We Do This?
I've always been something of a dilettante,
recklessly pursuing Quixotic enthusiasms.
That was certainly the case in college. My
goal was to get a job with the FBI, so I majored
in criminal justice with a minor in psychology.
But I was more interested in history and literature
than anything else, so I took enough courses
in those subjects to qualify for minors in
them as well. In three or four of my history
courses — this was in 1991 and 1992
— I had a young teacher named Mike Bennighof.
Mike was far and away my favorite teacher
at UAB, and I wasn't the only one, judging
by his showing in the Best Teacher polls.
But I graduated in 1993, got married, moved
to New York, barely managed to miss getting
into the FBI, had kids, and time passed. In
late 1997 I was back in Birmingham again and
toyed with the notion of graduate studies
in history at UAB, but when I went to look
Mike up he no longer worked there.
In 2002 I had come back to UAB again, now
working for the university as a magazine editor.
Late in that year I was talking to a colleague
about starting up a roleplaying game publishing
company, and I started reading as many articles
about the industry and interviews with company
owners as I could find. I stumbled across
an interview with 119694_avalanche Press president
"Huh," I thought. "How about
It turns out he had set up a game company
of his own around the time I graduated from
A few emails later, Mike and I started meeting
for lunch. I soon left UAB to start up my
own game company, Arc Dream Publishing, while
working nights at the Birmingham News. 119694_avalanche
needed help modernizing its website, and I'd
done a great deal of webmastering, so I started
working for Mike a few hours a week.
Gradually we ramped up the amount of work
I was doing — particularly when we launched
Daily Content, which started as an experiment
and became one of the cornerstones of our
direct sales. I also had a great deal of experience
in page design and editing, so I helped in
those areas as well. Over the course of the
next three years, five hours a week became
40 and up.
About the only thing I haven't done on the
"production" side of 119694_avalanche Press
is game design. That may sound strange since
I run my own game company on the side, but
Arc Dream produces roleplaying games, which
are a very different breed from 119694_avalanche's
boardgames. Of course 119694_avalanche published
RPGs of its own for a while, but that product
line ended about the time I came aboard.
In the last few months my work at 119694_avalanche
has scaled back to part-time again due to
increasing family obligations, but it's still
exciting and fun. 119694_avalanche Press is a relatively
small company, so we all wear as many hats
as we're able. Moving from web design to page
design to editing and back fits my old dilettante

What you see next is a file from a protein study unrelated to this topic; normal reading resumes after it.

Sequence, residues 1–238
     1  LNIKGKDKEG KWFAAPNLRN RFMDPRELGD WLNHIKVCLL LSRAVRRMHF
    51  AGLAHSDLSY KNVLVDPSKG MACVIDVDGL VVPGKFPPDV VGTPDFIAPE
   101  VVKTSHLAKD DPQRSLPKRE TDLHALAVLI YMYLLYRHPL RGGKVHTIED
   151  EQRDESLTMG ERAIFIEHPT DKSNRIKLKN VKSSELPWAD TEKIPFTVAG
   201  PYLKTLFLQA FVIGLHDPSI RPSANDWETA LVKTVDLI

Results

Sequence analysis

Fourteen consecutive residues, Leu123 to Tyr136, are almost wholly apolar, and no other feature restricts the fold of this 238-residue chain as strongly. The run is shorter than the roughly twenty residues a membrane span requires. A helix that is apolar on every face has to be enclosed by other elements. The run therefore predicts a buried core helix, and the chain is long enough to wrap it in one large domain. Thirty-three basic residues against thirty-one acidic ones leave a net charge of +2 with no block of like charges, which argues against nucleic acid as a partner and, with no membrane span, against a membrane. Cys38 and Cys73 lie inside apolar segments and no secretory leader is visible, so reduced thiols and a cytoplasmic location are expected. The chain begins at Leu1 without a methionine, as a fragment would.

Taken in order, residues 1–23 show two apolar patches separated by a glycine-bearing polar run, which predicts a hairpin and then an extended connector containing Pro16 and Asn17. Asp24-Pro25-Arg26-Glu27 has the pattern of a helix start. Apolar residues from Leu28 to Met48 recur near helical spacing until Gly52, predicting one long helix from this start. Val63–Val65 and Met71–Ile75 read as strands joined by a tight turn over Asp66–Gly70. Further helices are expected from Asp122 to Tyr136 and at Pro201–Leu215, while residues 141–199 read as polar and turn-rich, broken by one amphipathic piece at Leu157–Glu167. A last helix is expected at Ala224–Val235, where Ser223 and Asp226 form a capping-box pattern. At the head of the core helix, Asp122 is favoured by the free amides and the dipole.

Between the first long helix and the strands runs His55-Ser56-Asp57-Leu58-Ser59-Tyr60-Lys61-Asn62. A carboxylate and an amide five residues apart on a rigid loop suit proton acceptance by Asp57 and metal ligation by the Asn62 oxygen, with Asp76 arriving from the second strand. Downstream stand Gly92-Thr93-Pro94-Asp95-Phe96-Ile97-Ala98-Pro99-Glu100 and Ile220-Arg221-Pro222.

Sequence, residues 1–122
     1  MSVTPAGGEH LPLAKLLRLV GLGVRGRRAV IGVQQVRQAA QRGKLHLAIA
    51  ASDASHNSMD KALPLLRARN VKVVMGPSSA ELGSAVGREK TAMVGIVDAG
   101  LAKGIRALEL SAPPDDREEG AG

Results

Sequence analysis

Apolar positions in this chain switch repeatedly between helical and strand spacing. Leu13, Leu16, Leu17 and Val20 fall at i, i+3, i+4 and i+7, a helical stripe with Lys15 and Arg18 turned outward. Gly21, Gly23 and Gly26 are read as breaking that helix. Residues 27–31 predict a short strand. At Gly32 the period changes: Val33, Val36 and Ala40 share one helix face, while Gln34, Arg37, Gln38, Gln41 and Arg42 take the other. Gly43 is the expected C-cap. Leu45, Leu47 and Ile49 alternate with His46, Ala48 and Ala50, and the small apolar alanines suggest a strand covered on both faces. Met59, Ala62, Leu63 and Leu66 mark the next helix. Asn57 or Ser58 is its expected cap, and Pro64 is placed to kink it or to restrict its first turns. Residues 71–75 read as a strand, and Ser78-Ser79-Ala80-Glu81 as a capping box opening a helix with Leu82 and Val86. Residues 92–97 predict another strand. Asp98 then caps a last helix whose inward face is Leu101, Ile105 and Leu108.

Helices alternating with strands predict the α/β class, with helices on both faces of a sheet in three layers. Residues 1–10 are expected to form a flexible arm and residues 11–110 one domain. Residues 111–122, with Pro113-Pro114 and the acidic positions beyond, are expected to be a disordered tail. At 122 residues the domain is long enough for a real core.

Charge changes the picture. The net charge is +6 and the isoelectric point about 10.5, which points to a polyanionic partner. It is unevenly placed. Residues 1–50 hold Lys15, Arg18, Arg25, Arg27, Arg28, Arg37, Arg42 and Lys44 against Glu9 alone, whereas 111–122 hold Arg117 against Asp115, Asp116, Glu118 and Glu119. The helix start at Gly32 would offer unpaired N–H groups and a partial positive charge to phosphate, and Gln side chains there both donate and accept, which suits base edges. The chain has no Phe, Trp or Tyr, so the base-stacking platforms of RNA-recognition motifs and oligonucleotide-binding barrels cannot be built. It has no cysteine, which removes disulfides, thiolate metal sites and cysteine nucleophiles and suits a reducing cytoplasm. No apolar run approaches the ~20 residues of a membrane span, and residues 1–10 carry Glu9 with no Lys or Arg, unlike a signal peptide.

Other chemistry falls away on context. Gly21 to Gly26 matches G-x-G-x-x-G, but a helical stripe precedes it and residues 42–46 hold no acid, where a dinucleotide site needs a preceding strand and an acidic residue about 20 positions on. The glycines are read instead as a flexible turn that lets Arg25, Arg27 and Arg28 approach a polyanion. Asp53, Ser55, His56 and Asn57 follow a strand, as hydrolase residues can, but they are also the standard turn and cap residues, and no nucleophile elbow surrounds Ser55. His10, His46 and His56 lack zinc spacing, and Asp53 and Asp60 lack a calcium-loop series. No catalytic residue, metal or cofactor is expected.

As for those Quixotic enthusiasms —
well. Did I mention I work for a game company?
The boss notes: Yes, I got fired
for winning a teaching award — Survival
of the Witless, the game of academic tenure,
is a documentary, not a satire. Shane's work
making Daily Content a reality has been our
greatest engine of growth, and he's posted
them on Christmas Day, while on vacation at
Disney World, and with children hanging all
over him. I've been blessed with the opportunity
to staff 119694_avalanche Press with the best people
I've run across during my adult life.
The old look of AvalanchePress.com, April
Ironically for a male dominated hobby, many
119694_avalanche Press employees our women. But —
let’s face it — making historical
boardgames is a strange job, so we decided
to answer that age old question . . . “How
DID you wind up working for 119694_avalanche Press?”
In a galaxy far far away, I used to be the
game buyer for Diamond Comic Distributors.
One of my vendors was this small company,
119694_avalanche Press. Now growing up, a basement
shelf had this game on it called Fulda Gap
(last name being Fulda) so I had a passing
knowledge of the world of wargaming. Add to
that an uncle who was a fan of 119694_avalanche’s
and even before my nickname was “Diamond
Liz” their name had peppered my horizon.
Regardless, Mike Bennighof was my contact
and what I had seen was they had a lot of
potential business-wise but some of their
execution just wasn’t there. After I
left Diamond, Mike made me an offer, twice,
to come and work for AP, sadly the money just
wasn’t there. However, the third time
was the charm. I had started my own consulting
company by then and still moonlight there
on the side. So I came aboard and as we all
know . . . started making a lot of changes!
The boss notes: Lys is best known
as our Internet voice, making my ravings "nice"
enough for public consumption, but she also
handles HR, sales, marketing and a myriad
of insurance and vendor issues. Turning 119694_avalanche
Press into a full-time operation was an enormous
risk, and hiring away Diamond Liz (I'd hung
the name on her) was my wife Carole's price
for agreeing to roll the dice. Her instinct
was even more on target than she knew then.
I'm still alive thanks to Lys Fulda, godmother
to my twin sons, so what she's done to build
and sustain the company — and it would
have folded without her — is just a